ARM Report: Conflict kills and injures 14 civilians every day

Kabul, 12 July 2010: Almost six civilian people were killed and eight were wounded each day in conflict-related incidents from 1 January to 30 June 2010, Afghanistan Rights Monitor (ARM) said today in a mid-year report on civilian casualties of war.

In total, at least 1,074 civilians were killed and over 1,500 were injured in armed violence in the first half of this year; which indicates a slight – 1.3% – increase in the reported number of civilian casualties of war compared to the same period last year.

Over 60% of the recorded civilian deaths (661 individuals) are attributed to insurgent groups who showed little or no respect to the safety and protection of non-combatants. Improvised Explosive Devices (IEDs) killed 282 civilians, more than any other war activity, followed by suicide attacks in which 127 civilian people lost their lives.

The number of civilians killed by US/NATO forces reduced considerably during the reporting period largely due to restrictions imposed on the use of air strikes. However, 210 civilians were killed by US/NATO troops in the past six months. At least 108 civilian deaths were attributed to Afghan Government forces (police, army and militias) while 67 civilian people were killed by armed men associated with private security firms or armed criminal groups.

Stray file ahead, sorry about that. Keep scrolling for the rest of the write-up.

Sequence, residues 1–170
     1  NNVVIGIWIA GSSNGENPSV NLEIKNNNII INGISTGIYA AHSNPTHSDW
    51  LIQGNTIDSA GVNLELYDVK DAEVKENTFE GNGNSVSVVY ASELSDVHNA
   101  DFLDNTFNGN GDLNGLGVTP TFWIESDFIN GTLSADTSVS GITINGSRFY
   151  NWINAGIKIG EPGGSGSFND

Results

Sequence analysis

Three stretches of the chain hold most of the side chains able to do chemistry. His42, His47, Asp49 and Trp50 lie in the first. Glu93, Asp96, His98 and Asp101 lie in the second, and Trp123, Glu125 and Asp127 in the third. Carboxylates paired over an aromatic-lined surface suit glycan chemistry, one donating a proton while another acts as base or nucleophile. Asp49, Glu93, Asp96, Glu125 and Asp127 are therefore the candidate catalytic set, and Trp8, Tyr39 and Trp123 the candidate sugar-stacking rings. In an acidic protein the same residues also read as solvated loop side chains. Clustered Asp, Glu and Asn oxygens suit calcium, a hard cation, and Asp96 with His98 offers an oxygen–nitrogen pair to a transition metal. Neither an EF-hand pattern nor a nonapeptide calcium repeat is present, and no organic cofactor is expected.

In addition to deaths and injuries, conflict-related insecurity had extensive adverse impacts on civilian communities all over the country, particularly in the southern provinces. Essential services such as health, education and humanitarian and development assistances were disrupted and blocked in large swathes of the country while predatory and abusive governance deprived many people from justice and opportunities.

The arrival of thousands of additional US/NATO forces into the country, and the desire to “disrupt, dismantle and defeat” the insurgents and their al Qaeda associates by military might, bodes ill to civilian Afghans who have suffered the brunt of war casualties. The troop surge and the appointment of Gen. David Petraeus as the commander of all US/NATO forces has widely been interpreted as ‘the last push before exit’ which not only has emboldened the insurgents but has also encouraged Pakistan, Iran and other regional interventionist states to resurface and back proxies for a post-US/NATO Afghanistan.

Because an alarming number of civilians have been killed, wounded and affected by IED attacks, ARM calls on the Afghan Government, US/NATO, insurgents and other key actors to stop, or at least reduce and control, their production and indiscriminate use. As conflict intensifies, the government and its foreign supporters must enhance activities to meet the needs of conflict-affected communities. The UN and other aid agencies should be encouraged to reestablish presence in insecure areas – where needs are paramount – and provide effective humanitarian and development assistance.

ARM has also called on the regional states, particularly on Pakistan and Iran, to stop sheltering, supporting and using insurgent groups for illicit gains in Afghanistan.

For further information and to download a copy of ARM’s mid-year report, please visit: www.arm.org.af

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